1. Format (Redbook PCM, Hi Rez PCM, DSD64, DSD128)


I would assume you would want all formats, including DSD….why not? But the choice of DAC and music player depends on your answer.


2. Storage (size, location, connection)


I needed more sooner than expected (I have more than 1.1 TB of music now). And I wanted to have it on the network for easier adding, file maintenance/backup, and tagging. I started with a USB drive, then a Firewire drive, and now an ethernet connected NAS drive.


3. Interface (remote, computer input)


I wanted to be able to run "headless" and move about while being able to select songs and control volume. The volume was secondary, so really it was having a good remote control of the files that was key.


4. Playback (Windows/Mac/Linux server, streamer, and DAC)


I tried a few solutions and settled on a CAPS that is pretty tricked out (but not as far as it could go…still room for improvement). Each had it's advantages and tradeoffs.


So my thought is that, broadly speaking, these categories will drive the choices of the equipment but some will naturally want to tinker while others want to set up once and forget. I like to tinker, perhaps less than some, but still enough to be in the tinker crowd. So the ability to grow into future configurations with as little duplication of parts may be a factor to consider. If you don't want to tinker, then plug and play solutions become more appealing with entry level to high end solutions available.


For me, I went from a Squeezebox Touch (which was then modified), to a Mac Mini (which was then modified), to a CAPS server/NAS setup that I now use. I also changed DACs a few times over the last five years due to format desire changes (first from 24/96 max to 24/192 max to 24/384 max to DSD format). I can tell you computer music has advanced in the last five years significantly.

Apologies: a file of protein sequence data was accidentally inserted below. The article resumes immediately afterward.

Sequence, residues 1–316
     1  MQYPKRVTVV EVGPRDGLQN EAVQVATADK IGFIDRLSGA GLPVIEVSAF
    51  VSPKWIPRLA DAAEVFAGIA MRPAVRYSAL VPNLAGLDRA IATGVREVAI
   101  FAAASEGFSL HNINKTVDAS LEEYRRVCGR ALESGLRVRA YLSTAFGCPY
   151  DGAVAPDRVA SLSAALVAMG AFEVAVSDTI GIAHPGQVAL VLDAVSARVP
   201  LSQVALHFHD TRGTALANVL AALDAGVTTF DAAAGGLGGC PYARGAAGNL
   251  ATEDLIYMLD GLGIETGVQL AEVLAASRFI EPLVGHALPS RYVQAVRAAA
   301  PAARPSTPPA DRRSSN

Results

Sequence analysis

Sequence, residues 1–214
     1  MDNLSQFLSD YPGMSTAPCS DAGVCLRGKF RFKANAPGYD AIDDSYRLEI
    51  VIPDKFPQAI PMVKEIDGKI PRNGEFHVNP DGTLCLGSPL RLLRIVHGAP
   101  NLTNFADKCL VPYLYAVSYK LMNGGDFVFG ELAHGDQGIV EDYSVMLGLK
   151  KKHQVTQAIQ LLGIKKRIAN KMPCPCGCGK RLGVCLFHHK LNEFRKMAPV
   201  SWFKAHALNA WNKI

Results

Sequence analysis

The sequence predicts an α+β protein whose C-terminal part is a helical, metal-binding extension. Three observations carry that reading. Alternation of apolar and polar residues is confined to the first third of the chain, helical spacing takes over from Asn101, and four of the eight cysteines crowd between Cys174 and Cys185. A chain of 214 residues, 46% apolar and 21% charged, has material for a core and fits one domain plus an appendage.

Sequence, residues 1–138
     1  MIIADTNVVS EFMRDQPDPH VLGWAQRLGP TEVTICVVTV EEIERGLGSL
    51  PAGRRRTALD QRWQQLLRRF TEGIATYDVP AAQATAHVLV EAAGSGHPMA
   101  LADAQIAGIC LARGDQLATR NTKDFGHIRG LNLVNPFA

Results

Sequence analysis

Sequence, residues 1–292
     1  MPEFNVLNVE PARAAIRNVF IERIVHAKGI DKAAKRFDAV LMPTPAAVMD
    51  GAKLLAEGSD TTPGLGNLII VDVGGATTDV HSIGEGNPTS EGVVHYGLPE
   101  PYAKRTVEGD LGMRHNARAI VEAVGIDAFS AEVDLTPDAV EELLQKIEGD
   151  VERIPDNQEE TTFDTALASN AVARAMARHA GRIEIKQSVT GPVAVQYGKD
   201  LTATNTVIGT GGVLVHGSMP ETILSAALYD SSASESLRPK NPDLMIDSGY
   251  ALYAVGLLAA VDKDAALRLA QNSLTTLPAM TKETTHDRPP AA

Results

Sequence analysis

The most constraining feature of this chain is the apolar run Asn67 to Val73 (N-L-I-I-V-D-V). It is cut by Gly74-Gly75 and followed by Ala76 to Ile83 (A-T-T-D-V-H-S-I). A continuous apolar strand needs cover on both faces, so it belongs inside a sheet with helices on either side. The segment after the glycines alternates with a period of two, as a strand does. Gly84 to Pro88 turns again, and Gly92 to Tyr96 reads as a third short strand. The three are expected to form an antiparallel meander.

So a few lessons learned included:


1. I needed a lot more storage than I ever imagined I would.

2. Clean power (everywhere possible) makes a big difference.

3. Low jitter is important.

4. Having specs to play files greater than I currently use is a big advantage.

5. Ease of cataloging/file management/backup is critical to enjoyment.

6. A "pleasurable" interface (JRemote on my iPhone, volume on a remote control) helps me listen to music, not focus on the setup.


I hope that this is helpful and not too conceptual. Again, my assumption based on your post was this is where you are making decisions.


I hope you enjoy both the process and the outcome…music can sound amazing on a moderate system that is well thought through.





P.S. I think the software is dependent on the format, hardware, and control interface choices you make. If you use a Windows computer, want DSD playback, and prefer a handy remote music selector, then you narrow the software that will perform well, for example. These choices define the software in a very real way. John

Positive emotions enhance our musical experiences.


Synology DS213+ NAS -> Auralic Vega w/Linear Power Supply -> Auralic Vega DAC (Symposium Jr rollerball isolation) -> XLR -> Auralic Taurus Pre -> XLR -> Pass Labs XA-30.5 power amplifier (on 4" maple and 4 Stillpoints) -> Hawthorne Audio Reference K2 Speakers in MTM configuration (Symposium Jr HD rollerball isolation) and Hawthorne Audio Bass Augmentation Baffles (Symposium Jr rollerball isolation) -> Bi-amped w/ two Rythmic OB plate amps) -> Extensive Room Treatments (x2 SRL Acoustics Prime 37 diffusion plus key absorption and extensive bass trapping) and Pi Audio Uberbuss' for the front end and amplification